Mueller investigation has rattled Trump who faces fight to stay in office
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One year into the Mueller inquiry and rattled Trump faces a fight to outrun the investigation, writes PAUL CONNEW.
Last month Donald Trump confessed (or boasted?) on Fox News (where else?) that he'd been 'too busy' to buy First Lady Melania a birthday present. Well, he certainly wasn't going to miss marking the first anniversary of special counsel Robert Mueller's investigation.
It came via a Twitter tirade in which he described the inquiry as 'the greatest witch hunt in American history'. If that does suggest a rather significant failure to understand the nature of the investigation (and American history) it does at least indicate that the president grasps its scale. And as the probe enters its second year, it is already abundantly clear that it will be even more explosive than the first.
Guaranteeing this is a president – hooked on hubris and surrounded by a similarly reckless inner circle – who has settled on a simple strategy of attacking Mueller. Even if Trump and his outriders cannot risk actually sacking the special counsel and his boss, deputy attorney-general Rod Rosenstein, they can try to fatally undermine them before November's mid-term elections, on which the president's long-term fortunes rest.
Like drowning men spying a lifebelt, the president and his men have seized on New York Times and Washington Post reports that a long-standing FBI informant provided early information to the Bureau's investigation into connections between Russia and the Trump campaign. The informant is alleged to have held several meetings with two former Trump campaign advisers, Carter Page and George Papadopoulos. The latter has already pleaded guilty to lying to the FBI about his Russian contacts, the former is still the subject of ongoing investigation by Mueller's team.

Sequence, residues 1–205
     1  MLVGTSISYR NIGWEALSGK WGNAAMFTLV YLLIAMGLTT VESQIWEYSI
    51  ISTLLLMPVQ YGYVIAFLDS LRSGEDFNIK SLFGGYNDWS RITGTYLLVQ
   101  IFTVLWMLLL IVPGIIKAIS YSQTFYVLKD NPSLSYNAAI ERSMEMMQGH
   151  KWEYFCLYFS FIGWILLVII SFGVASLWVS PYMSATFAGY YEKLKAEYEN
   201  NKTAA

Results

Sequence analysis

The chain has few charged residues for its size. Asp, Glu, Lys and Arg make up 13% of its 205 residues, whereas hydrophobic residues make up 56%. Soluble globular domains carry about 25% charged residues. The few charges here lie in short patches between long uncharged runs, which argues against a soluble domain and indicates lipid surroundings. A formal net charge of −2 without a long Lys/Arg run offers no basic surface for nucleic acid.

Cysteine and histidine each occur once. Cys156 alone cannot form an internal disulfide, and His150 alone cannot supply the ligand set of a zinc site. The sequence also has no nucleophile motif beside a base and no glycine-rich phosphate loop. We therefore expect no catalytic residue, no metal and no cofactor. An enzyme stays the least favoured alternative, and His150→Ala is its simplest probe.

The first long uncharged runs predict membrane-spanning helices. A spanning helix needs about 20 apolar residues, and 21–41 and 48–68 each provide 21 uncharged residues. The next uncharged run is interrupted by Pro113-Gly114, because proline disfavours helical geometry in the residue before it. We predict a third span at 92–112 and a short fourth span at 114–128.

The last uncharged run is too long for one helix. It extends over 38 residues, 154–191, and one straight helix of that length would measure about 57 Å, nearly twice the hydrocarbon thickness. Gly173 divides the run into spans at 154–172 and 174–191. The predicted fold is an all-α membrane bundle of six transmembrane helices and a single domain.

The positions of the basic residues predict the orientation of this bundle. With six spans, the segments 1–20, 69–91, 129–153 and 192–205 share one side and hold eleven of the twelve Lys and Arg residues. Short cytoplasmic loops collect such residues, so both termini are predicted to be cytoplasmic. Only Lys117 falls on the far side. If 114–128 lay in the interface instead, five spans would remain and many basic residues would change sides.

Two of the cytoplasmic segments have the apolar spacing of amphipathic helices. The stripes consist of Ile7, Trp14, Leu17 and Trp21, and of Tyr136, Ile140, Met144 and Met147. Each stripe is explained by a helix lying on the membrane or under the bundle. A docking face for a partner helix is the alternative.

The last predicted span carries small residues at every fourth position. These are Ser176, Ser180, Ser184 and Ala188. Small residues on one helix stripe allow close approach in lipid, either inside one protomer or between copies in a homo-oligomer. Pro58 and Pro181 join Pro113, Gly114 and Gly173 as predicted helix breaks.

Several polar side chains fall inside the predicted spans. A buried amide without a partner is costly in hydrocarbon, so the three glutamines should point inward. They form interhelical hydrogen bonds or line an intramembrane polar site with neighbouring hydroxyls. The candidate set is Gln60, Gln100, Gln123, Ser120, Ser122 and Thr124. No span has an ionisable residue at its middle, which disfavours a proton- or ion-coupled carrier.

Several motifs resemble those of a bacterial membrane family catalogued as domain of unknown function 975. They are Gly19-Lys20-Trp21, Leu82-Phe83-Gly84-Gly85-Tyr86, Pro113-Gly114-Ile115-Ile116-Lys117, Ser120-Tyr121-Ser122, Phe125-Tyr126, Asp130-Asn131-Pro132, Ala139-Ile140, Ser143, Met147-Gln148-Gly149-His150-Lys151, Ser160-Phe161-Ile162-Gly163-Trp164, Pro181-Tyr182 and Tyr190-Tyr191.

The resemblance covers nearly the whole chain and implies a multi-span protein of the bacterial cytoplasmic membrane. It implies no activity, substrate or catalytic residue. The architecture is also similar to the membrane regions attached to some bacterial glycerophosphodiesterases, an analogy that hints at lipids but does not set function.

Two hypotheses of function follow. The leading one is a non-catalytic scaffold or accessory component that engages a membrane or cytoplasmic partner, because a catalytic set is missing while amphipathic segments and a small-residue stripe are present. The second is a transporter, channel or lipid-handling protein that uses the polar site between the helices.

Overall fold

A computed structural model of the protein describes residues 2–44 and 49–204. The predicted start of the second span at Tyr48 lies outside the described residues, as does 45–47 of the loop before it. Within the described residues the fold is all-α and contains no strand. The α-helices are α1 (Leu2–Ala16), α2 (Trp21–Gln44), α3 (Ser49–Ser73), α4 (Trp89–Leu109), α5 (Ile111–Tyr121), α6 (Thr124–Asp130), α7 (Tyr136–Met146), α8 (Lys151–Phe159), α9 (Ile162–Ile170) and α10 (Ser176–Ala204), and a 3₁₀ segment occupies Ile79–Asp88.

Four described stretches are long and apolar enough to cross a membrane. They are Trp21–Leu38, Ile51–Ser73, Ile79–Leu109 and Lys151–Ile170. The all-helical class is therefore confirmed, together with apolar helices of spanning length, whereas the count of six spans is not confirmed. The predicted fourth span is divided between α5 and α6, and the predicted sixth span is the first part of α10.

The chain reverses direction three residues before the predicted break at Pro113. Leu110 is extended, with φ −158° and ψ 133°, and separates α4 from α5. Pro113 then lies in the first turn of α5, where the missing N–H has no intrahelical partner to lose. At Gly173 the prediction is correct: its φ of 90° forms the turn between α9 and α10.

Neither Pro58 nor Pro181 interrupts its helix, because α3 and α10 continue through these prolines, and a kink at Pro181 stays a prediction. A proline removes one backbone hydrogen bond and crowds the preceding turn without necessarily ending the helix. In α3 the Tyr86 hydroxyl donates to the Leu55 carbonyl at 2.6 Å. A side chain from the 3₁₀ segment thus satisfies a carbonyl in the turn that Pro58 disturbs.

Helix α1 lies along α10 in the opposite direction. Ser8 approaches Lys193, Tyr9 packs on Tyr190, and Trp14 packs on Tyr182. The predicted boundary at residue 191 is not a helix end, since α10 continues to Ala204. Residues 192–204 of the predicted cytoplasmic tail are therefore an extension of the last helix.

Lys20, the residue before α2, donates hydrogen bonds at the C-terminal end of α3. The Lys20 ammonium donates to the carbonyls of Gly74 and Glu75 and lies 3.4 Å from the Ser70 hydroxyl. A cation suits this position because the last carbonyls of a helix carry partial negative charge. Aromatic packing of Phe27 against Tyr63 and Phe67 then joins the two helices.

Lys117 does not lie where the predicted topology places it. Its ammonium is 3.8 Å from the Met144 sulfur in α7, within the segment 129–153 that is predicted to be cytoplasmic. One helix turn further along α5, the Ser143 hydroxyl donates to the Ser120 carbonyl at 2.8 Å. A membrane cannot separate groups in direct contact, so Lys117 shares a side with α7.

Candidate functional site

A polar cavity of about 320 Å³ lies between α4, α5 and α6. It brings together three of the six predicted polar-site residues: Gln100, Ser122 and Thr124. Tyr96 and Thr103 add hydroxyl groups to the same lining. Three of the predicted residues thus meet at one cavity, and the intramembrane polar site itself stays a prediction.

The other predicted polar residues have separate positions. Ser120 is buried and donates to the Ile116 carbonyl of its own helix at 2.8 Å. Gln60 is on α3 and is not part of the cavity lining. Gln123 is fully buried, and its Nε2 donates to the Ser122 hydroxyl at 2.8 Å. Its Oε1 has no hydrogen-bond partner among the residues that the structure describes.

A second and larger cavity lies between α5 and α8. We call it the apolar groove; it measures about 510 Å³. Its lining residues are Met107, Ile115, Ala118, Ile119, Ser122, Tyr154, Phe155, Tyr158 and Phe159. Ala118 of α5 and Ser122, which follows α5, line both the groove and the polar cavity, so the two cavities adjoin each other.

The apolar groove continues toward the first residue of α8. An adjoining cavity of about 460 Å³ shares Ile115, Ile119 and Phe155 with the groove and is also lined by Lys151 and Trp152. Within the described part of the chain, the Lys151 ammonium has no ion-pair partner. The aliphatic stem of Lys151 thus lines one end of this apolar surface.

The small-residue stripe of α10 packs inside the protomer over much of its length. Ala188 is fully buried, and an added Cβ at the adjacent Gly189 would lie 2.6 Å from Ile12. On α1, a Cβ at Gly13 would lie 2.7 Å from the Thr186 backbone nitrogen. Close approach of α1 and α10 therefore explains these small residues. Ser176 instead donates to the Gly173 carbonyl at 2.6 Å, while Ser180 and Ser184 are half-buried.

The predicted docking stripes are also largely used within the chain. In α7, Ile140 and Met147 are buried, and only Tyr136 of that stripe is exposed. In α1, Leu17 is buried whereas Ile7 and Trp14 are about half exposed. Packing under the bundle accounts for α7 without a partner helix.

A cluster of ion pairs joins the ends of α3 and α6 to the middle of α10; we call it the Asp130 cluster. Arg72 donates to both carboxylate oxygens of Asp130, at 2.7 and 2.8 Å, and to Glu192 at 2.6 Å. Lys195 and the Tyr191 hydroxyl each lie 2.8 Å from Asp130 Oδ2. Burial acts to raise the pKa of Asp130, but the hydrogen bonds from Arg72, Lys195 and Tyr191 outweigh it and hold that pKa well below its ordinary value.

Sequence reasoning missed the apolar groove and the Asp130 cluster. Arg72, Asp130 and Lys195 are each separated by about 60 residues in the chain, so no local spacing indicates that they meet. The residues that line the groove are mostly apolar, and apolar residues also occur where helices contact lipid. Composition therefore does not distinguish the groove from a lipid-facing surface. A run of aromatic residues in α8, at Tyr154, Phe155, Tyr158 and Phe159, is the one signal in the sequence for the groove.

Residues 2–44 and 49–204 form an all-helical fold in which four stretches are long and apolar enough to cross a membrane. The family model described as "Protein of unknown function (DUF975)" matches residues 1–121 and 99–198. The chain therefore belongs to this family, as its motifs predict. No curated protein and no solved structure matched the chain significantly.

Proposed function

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The reports triggered a Trump Twitter rant: 'WOW, word seems to be coming out that the Obama FBI 'SPIED ON THE TRUMP CAMPAIGN WITH AN EMBEDDED INFORMANT. If so, this is bigger than Watergate!' It was followed up with another Twitter assault and a demand that: 'The Department of Justice look into whether or not the FBI/DOJ [Department of Justice] infiltrated or surveilled the campaign for political purposes – and if any such demands or requests were made by people within the Obama administration.'
Presidential pressure paid off with the Justice Department agreeing to its inspector general assessing whether 'political motivation' had tainted the FBI's initial 'counterintelligence investigation of persons suspected of involvement with Russian agents who interfered in the 2016 presidential election'.
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Most legal experts interpreted the move as a cautionary measure designed to head off a bigger legal showdown with the president down the line, depending on the final outcome of the Mueller investigation, which post-dates the 'infiltration' allegations.